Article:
It looks like you're using an Ad Blocker.
Please white-list or disable AboveTopSecret.com in your ad-blocking tool.
Some features of ATS will be disabled while you continue to use an ad-blocker.
Originally posted by leftystrat
Hey, how about that deficit?
Hate speech laws in Canada include provisions in the Criminal Code of Canada, provisions in the Human Rights Act and in other federal legislation, and statutory provisions in each of Canada's ten provinces and three territories. The Criminal Code prohibits "hate propaganda." The Canadian Human Rights Act prohibits discrimination on various grounds, and forbids the posting of hateful or contemptuous messages on the Internet. Legislation in the provinces and territories prohibits discrimination on the same grounds as Canada's Human Rights Act in matters of provincial or territorial concern such as employment and accommodation.
Speech Ban Lifted on Canadian Pastor
(Posted 01/13/10 www.RemnantNewspaper.com) In July of 2002 a complaint was filed by Darren Lund, a high school teacher, with the Alberta Human Rights Commission after the Red Deer Advocate Newspaper published a letter to the editor titled “Homosexual Agenda Wicked,” written by Stephen Boissoin (of the Concerned Christian Coalition Inc.), a Protestant minister. The complaint accused Boissoin of discrimination on the basis of sexual orientation contrary to Section 3 of Canada’s Human Rights, Citizenship and Multiculturalism Act.
During a November 30, 2007 hearing before the Human Rights Panel, which was chaired by Lori G. Andreachuk, a divorce lawyer (not a specialist in constitutional law), Boissoin said: “When homosexuals or pro-homosexual activists are teaching children that homosexuality is normal, necessary, acceptable, and productive, and as far as I understand, using my tax dollars as well to do so, I not only have a right to speak up about it, but I felt that I had an obligation.”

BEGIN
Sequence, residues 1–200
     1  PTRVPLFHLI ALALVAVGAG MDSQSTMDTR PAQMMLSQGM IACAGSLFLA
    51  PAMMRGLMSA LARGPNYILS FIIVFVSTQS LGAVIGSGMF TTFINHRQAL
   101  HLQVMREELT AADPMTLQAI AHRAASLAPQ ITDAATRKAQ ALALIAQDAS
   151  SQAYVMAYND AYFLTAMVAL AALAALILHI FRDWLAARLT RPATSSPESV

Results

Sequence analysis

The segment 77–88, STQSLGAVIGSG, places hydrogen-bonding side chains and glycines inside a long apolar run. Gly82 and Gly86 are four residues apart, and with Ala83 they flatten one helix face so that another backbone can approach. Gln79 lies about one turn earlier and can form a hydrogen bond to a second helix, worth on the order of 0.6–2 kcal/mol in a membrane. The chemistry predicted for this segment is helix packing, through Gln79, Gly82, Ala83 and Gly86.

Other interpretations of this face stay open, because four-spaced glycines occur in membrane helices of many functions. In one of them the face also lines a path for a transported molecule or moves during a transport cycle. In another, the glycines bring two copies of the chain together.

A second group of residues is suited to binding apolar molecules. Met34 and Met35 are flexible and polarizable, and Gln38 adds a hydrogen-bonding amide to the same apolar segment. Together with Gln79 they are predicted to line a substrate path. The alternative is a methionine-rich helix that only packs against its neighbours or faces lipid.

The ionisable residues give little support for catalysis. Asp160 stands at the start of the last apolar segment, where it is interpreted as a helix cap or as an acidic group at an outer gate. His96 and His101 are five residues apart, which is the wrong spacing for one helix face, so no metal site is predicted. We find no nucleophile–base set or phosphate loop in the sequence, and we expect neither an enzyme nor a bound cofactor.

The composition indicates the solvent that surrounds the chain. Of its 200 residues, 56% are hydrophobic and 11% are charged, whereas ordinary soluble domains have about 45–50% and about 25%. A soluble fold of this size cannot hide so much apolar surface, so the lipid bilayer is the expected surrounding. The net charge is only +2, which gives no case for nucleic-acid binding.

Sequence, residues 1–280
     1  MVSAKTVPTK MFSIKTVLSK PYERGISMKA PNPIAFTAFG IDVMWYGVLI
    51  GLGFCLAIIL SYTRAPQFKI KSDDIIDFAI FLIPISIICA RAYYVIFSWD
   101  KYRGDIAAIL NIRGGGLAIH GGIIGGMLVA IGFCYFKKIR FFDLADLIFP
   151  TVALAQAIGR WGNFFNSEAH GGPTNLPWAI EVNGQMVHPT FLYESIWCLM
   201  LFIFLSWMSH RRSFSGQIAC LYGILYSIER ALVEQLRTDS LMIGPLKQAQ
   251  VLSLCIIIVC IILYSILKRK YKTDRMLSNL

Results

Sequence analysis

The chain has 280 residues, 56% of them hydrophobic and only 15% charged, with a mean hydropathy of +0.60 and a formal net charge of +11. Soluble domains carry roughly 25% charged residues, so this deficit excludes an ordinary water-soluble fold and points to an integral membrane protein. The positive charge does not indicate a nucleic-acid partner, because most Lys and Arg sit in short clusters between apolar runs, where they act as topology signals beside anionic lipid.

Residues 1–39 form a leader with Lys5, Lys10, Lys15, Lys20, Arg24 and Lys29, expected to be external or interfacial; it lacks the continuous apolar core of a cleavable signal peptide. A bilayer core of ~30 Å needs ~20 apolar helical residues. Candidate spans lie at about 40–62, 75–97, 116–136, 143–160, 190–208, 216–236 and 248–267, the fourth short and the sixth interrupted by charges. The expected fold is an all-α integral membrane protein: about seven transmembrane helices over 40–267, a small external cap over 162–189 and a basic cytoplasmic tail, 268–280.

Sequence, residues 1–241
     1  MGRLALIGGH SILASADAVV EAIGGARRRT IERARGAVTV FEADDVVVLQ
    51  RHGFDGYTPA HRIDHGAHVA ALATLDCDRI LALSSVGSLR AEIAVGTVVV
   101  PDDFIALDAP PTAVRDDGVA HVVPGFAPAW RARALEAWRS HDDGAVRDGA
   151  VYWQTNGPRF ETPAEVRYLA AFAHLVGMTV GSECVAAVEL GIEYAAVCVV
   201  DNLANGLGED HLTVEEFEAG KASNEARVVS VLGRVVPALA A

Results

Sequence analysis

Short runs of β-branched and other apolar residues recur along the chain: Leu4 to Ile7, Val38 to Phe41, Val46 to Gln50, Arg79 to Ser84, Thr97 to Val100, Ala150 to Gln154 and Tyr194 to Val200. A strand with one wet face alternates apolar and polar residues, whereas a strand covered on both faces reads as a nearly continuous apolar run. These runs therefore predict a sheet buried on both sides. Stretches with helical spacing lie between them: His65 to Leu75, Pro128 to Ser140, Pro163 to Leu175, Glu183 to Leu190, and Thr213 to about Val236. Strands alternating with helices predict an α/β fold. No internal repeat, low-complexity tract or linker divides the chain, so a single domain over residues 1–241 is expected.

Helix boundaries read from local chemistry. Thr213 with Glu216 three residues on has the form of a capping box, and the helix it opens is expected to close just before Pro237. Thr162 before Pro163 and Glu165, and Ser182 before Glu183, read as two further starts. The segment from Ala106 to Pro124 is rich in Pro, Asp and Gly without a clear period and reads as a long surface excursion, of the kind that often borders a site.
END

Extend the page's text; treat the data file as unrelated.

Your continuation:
Mr. Boissoin was convicted by the Commission and received, in addition to a $5,000 fine and an order to write a letter of apology, both a lifetime ban on preaching sermons that criticize homosexuality and a lifetime ban on private communications (such as e-mails) that are critical of homosexuality.
On December 5, 2009, Mark Steyn reported (in the National Review) that the ban has been lifted:
The Court of Queen's Bench in Alberta has now struck down this outrageous decision. Mr. Justice Wilson's ruling could not be plainer. He rejects all the Tribunal's punishments as "illegal," not least the speech ban:
The direction to cease and desist the publishing of “disparaging remarks about gays and homosexuals” is beyond the power of the Panel. "Disparaging remarks" were not defined by the Panel. But clearly, "disparaging remarks" are remarks much less serious than hateful and contemptuous remarks and are quite lawful to make. They are beyond the power of the Act to regulate and the power of the Province to restrain.